Monday, November 22, 2010

Classroom Tip #4: Communicate the Goal

In an earlier post, I touched upon the need for stakes. Not only do students require them for self-discipline, but classroom activities occasionally require them as well.

Lessons without goals and stakes can feel pointless or meaningless to kids. 

What is the value of learning something if it won't be used?  Why practice, perform or participate in a task that has no foreseeable value or significance? If you're thinking this way about the tasks you do on a daily basis at home or in your job, then it's easy to assume your students feel the same in your class.

This is why teachers often incorporate either individual or class incentive point systems to teach and encourage the value of participation and good behavior.

Stating the goal (and the stakes will follow)

Not all lessons however, need to resort to bribery in order for a student to want to perform. A
goal is a hint of what to expect in the future. Without one, students won't feel that the lesson, classroom tasks and/or activities has any significance or value to their future. Sometimes, getting students to perform better is as simple as stating the goal in advance and letting the students determine their own incentive.

2 Great Things about Goals:

-- It assesses value and importance to a task.
Communicating a goal allows students to determine meaning in their tasks and the resulting and/or consequences of their actions.

--It makes the student responsible for their choice and destiny.
Knowing a goal in advance allows students preparation time, but mostly, it gives your kids a choice as to what they'll attempt: success or failure.

No student wants to be a failure, yet slow learners might choose this stance at the start if they automatically think they can't achieve something.  While springing surprise tasks on advanced students might add to the thrill of their challenge, surprises for slower learners is an automatic way to discourage and defeat them. If however, they can see a goal in advance, feel it manageable, then they have the option to change their decision and attitude towards achieving their task.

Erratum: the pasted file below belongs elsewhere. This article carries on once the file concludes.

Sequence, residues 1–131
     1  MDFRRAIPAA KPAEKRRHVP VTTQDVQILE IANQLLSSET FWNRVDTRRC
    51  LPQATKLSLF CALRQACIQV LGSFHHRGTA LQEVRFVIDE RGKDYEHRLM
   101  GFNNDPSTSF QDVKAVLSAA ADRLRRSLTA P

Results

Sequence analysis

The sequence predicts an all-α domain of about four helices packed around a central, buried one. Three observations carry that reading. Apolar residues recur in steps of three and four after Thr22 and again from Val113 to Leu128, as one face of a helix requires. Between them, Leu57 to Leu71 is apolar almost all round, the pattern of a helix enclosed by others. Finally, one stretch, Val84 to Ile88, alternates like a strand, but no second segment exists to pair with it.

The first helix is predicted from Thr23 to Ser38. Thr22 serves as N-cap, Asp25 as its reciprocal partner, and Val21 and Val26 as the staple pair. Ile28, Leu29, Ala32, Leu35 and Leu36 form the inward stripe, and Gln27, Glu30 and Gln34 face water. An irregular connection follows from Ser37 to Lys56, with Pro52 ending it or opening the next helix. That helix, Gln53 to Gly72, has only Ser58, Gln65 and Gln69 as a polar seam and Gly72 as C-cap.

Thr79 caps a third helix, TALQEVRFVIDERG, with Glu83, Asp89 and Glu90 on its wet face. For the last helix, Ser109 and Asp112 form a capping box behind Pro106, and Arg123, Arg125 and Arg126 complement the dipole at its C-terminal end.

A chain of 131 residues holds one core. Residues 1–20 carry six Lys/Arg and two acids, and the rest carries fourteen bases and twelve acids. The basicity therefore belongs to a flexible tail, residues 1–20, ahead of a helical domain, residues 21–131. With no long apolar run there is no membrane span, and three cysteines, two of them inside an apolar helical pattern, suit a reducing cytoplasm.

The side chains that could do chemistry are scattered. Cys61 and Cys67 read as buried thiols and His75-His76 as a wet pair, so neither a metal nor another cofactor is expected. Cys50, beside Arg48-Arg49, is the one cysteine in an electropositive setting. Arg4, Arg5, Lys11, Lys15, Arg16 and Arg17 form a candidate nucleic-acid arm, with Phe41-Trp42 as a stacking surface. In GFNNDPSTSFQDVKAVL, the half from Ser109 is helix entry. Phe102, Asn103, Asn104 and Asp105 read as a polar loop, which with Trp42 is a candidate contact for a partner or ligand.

A classroom example

Many of our lessons are made of tasks which prepare the students for the final execution. One of my co-teachers occasionally forgets to explain to the class the goals and importance of a task or lesson activity. Instead, she just communicates the task:

Task: Memorize the dialogue/script in this role-play (aka skit).
But the goal is...
Goal: You will perform it for the class.

This goal is built in with stakes every child knows if they don't perform successfully.

Shame & Humiliation in front of their peers.
In the past, we hadn't placed an importance on role play/skit activity, but often dismissed it; we created a bad habit. This taught them that this activity lacked meaning.  When we finally wanted them to memorize and perform the skit but didn't communicate the goal, the students reverted to habit and didn't take the task of memorization seriously.

After a disappointing pattern of our first two classes, I started communicating the goal in additional direction to my co-teacher. The change in the students behavior was drastic-- it went from sluggish and lazy to pens in hand, ears strained to attention concentrating on the dialogue to take notes.

Always communicate the goal.

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